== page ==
YEREVAN (RFE/RL)—The World Bank announced on Wednesday the release of a $16 million loan designed to support livestock farms in 55 impoverished mountainous villages across Armenia that live off cattle and sheep breeding.
The bank said the Armenian government will contribute another $5.33 million to the project that aims to boost meat and milk production and improve pasture management in those rural communities.
“Agriculture continues to be a key sector for the Armenian economy, and … it has to revitalize its role and contributions to the country’s economic growth and employment,” Asad Alam, the bank’s regional director, said in a statement.
Prime Minister Tigran Sargsyan promoted the project, called the Community Agricultural Resource Management and Competitiveness (CARMAC), during a visit to the central Aragatsotn province on Tuesday. Officials said six villages in the mountainous region have been included in the scheme.
“As a result of that, you will get serious assistance that will raise your productivity and thus contribute to a rise in your revenues,” Sargsyan told farmers in one of those villages, Avan.
The prime minister’s office said the project will finance the construction of roads and production storage facilities and other infrastructure upgrades in the villages that are home to roughly 78,000 people.
A separate statement by the World Bank confirmed planned investments in the local infrastructure. It said the project will also introduce “innovative livestock production practices.”
“Productivity increases will be the result of a more rational use of pastures and better feeding, and will boost overall efficiency, so that Armenian products will be in a better position to supply the domestic market and to compete regionally,” Doina Petrescu, head of a World Bank team that designed the CARMAC, was quoted as saying.
The assistance is to be mainly channeled into the selected communities through agricultural cooperatives which the bank and the Armenian government hope will be formed by farmers. Sargsyan urged Avan villagers to start jointly raising cattle and using their privately owned pastures.
The launch of the CARMAC is part of the government’s broader efforts to reverse a slump in agriculture that was registered last year due to highly unfavorable weather conditions. The sector generating approximately one-fifth of Armenia’s Gross Domestic Product contracted by over 14 percent.
President Serzh Sarkisian said earlier this month that the government should be “very active” in fostering the sector’s recovery. “I myself will go to villages, deal with agricultural problems and keep some projects under my control,” Sarkisian told the prime minister and other top state officials. He also called for greater commercial bank lending to farmers.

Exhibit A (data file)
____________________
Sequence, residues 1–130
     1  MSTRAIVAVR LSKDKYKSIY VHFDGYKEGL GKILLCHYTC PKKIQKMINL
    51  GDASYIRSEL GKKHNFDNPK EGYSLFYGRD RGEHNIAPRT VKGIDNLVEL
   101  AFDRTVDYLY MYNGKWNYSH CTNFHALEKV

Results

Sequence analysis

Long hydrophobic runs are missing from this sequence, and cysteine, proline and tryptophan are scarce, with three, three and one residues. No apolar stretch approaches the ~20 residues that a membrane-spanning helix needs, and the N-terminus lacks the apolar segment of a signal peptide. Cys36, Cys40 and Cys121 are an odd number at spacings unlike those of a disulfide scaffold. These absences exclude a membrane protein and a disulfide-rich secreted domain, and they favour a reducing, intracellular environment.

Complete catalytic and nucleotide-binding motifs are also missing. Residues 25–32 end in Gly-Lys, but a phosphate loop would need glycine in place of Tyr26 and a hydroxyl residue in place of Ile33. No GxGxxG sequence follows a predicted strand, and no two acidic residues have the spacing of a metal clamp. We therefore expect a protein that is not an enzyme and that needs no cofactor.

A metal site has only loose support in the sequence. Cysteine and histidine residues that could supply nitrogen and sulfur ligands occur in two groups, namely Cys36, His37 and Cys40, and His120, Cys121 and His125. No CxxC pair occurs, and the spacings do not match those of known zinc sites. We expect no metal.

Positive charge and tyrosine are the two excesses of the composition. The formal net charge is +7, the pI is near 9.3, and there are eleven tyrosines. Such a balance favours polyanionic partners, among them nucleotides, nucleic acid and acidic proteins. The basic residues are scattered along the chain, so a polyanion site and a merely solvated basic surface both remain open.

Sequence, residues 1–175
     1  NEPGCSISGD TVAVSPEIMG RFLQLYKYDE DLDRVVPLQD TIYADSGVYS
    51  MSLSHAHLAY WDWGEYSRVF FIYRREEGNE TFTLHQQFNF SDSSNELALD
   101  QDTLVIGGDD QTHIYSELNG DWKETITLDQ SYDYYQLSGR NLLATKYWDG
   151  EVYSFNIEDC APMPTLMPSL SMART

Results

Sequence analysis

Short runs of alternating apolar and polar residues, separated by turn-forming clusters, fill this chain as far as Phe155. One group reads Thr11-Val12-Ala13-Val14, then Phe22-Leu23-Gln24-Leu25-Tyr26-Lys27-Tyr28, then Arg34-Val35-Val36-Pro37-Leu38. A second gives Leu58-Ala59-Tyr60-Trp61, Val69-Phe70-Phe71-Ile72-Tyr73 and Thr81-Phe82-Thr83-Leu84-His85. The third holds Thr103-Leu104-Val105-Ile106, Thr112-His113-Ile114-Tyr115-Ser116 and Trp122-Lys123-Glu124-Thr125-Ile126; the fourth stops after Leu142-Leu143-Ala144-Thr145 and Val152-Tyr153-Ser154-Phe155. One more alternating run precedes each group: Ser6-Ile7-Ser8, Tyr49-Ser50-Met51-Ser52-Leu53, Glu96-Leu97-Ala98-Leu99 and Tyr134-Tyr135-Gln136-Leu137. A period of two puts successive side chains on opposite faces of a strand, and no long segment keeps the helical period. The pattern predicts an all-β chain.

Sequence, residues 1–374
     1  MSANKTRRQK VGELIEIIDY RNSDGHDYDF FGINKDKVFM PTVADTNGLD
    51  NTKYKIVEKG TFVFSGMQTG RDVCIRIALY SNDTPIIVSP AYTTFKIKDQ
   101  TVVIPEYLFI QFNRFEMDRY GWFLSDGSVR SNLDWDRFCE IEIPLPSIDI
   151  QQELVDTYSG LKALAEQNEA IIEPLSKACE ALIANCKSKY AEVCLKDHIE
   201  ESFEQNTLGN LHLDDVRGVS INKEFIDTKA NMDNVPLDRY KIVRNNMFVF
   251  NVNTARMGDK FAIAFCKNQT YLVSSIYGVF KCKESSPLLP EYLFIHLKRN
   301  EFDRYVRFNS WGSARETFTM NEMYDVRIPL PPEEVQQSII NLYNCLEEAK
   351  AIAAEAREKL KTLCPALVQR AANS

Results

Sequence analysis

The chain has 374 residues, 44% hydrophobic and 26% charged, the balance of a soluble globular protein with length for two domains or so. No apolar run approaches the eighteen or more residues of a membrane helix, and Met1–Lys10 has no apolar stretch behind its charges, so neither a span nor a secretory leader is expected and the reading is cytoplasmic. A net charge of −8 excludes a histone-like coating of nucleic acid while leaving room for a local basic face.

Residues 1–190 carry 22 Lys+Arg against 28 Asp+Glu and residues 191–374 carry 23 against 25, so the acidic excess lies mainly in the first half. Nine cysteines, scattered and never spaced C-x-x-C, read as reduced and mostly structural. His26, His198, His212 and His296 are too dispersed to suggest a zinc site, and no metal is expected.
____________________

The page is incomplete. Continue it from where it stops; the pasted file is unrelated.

Like many other farmers across the country, Avan residents complained about what they see as a disproportionately high cost of agricultural loans offered by Armenian banks. Prime Minister Sarkisian assured them that the banks have promised to substantially cut the interest rates this year. He did not elaborate.
Last year’s bad weather mainly affected production of cereals, fruit and vegetables, which accounted for more than 60 percent of the country’s overall agricultural output. In contrast, official statistics show that the production of meat and dairy products was essentially flat in 2010.
Nevertheless, livestock farming is a key focus of the government drive to boost the Armenian agriculture. Last month, Sargsyan’s cabinet approved funding for the purchase of 2,000 metric tons of high-quality barley seeds from Ukraine and Russia that are to be distributed among thousands of farmers.
The government hopes to thereby revive farming in thousands of hectares of land in mostly mountainous villages, which is presently not cultivated. Barley is mainly used as animal fodder in Armenia.
Tigran Sargsyan discussed the planned seed distribution on Wednesday at a meeting with government ministers and regional governors. He said the assistance should primarily target the poorest communities.
“Clearly, we can not satisfy everyone, but only 20 percent of the [barley seed] demand,” he said. “But I think that as a result, we will have growth in the agriculture sector and an expansion of cultivated lands.”